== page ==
1985). Nevertheless, teachers tend to favor parents who come to school, thus
creating a cycle of positive reinforcement leads to gains for those children
whose parents come to school and shuts out parents (and their children) who are
afraid or unable to do so (Toomey, 1986). Home-based learning breaks into this
cycle and helps those who need help the most.
In fact, low-income single and working parents often can and do spend as much
time helping their children at home as do middle-class parents with more
education and leisure (Epstein, 1984, March). As with school-based involvement,
it can be the teachers who hesitate to give these children work to take home,
wrongly fearing that the parents will not be available to help. However, when
teachers reach out to parents, these parents are generally more than willing to
help. More impressive, WHEN TEACHERS HELP PARENTS TO HELP THEIR CHILDREN, these
parents can be as effective with their children as those parents with more
education and leisure, whom teachers expect to help their children (Epstein,
THE BEST WAYS TO HELP CHILDREN AT HOME
Recent research on
parental involvement in home learning differs about how the home and school
should relate. While some researchers emphasize changing what goes on in the low
income or minority home in order to create learning situations that are more
consistent with school learning (Walberg, 1984; Grau, Weinstein, & Walberg,
1983), others focus more on what can be done to increase teachers' understanding
of the "natural" learning that goes on in any low-income home (Brice-Heath,
1983), or even to help these families help "empower" each other (Cochran, 1987).
One author concludes that the "school-to-home pathway...is more likely to be
effective if the two-way nature of the path is explicitly recognized by
educators" (Cole & Griffin, 1987).
A first step in fostering home learning is letting parents know that there
are simple, time-efficient ways to help their children. This can be done in a
variety of ways (Rich, 1985):
bilingual media campaigns on the important role of the home
in educating children;
support for home learning from ministers and other respected
family learning centers in schools, storefronts, and churches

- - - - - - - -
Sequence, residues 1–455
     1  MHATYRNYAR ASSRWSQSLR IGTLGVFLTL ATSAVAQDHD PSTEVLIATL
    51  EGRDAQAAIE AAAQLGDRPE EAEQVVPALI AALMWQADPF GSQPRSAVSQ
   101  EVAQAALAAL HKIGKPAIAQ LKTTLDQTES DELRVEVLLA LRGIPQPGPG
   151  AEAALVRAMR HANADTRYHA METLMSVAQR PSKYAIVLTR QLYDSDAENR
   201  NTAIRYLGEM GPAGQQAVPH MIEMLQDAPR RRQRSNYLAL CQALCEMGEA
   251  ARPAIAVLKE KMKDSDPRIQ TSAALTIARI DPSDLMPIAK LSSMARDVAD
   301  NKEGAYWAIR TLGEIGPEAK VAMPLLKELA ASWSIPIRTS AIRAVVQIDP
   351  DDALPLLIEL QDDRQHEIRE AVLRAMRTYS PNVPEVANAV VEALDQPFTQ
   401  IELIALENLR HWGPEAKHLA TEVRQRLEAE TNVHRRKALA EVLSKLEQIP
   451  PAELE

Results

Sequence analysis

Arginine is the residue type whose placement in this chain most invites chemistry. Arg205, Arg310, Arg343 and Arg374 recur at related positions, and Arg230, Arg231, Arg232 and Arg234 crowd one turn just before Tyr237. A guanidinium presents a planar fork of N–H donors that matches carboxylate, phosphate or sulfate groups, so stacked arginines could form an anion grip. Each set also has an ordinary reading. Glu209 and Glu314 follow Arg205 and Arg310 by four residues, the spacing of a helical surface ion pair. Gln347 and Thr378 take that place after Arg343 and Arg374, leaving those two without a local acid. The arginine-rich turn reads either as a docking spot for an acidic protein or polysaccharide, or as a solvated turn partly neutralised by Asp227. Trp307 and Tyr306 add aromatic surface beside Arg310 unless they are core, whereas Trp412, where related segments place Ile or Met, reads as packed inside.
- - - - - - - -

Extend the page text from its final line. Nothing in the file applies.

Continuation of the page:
that offer help (bilingual, when necessary) to parents wanting
to help their children learn;
bilingual hot-lines for parents who need help in helping their
children with their homework; and
school-designed learning activities that parents and their
children can do together.
ENHANCED SCHOOLING THROUGH PARENT INVOLVEMENT
projects are critical for many low-income families who do not automatically give
their children the assistance and stimulation necessary for success in school.
Although both schools and parents must be inventive to increase parent
involvement, it is important to keep in mind that every activity a child engages
in can be enriching, and that the time children spend at home with their parents
can be made as educational as the time they spend in school.
Brice Heath, S. (1983). Way with words. New
York: Cambridge University Press.
Cochran, M. (1987, Fall). The parental empowerment process: Building on
family strengths. Equity & Choice, 4 (1), 9-23.
Cole, M., & Griffin, P. (1987). Contextual factors in education:
Improving science and mathematics education for minorities and women. Madison,
WI: University of Wisconsin, Wisconsin Center for Educational Research.
Epstein, J. (1984, March). Single parents and the schools: The effect of
marital status on parent and teacher evaluations. Baltimore: The Johns Hopkins
University, Center for Social Organization of Schools.
Epstein, J.L. (1984, April). Effects of teacher practices of parental
involvement on change in student achievement in reading and math. Paper
presented at the Annual Meeting of the American Educational Research
Association, April 1984. ED 256-863
Espinosa, R. (1985, November 30). Working parents project. Final report
(December 1, 1984-November 30, 1985). Austin, TX: Southwest Educational
Development Lab. ED 266-871
Gordon, I. (1978). What does research say about the effects of parent
involvement on schooling? Paper presented at the Annual Meeting of the
Association for Supervision and Curriculum Development.
Grau, M.E., Weinstein, T., & Walberg, H.J. (1983). School-based home
instruction and learning: A quantitative synthesis, Journal of Educational
Research, 76, 351-360.
The Metropolitan Life Survey. (1987). The American teacher, 1987:
Strengthening links between home and school. New York: Louis Harris and
Rich, D. (1985). The forgotten factor in school success: The family. A
Policymaker's guide. Washington, D.C.: The Home & School Institute, Inc.
Toomey, D. (1986, February). Home-school relations and inequality in
education. School of Education, La Trobe University, Melbourne, Australia.
Address given to a Conference on Education and the Family, Brigham Young
Walberg, H.J. Families as partners in educational productivity, Phi Delta
Kappan, 65 (6), 397-400.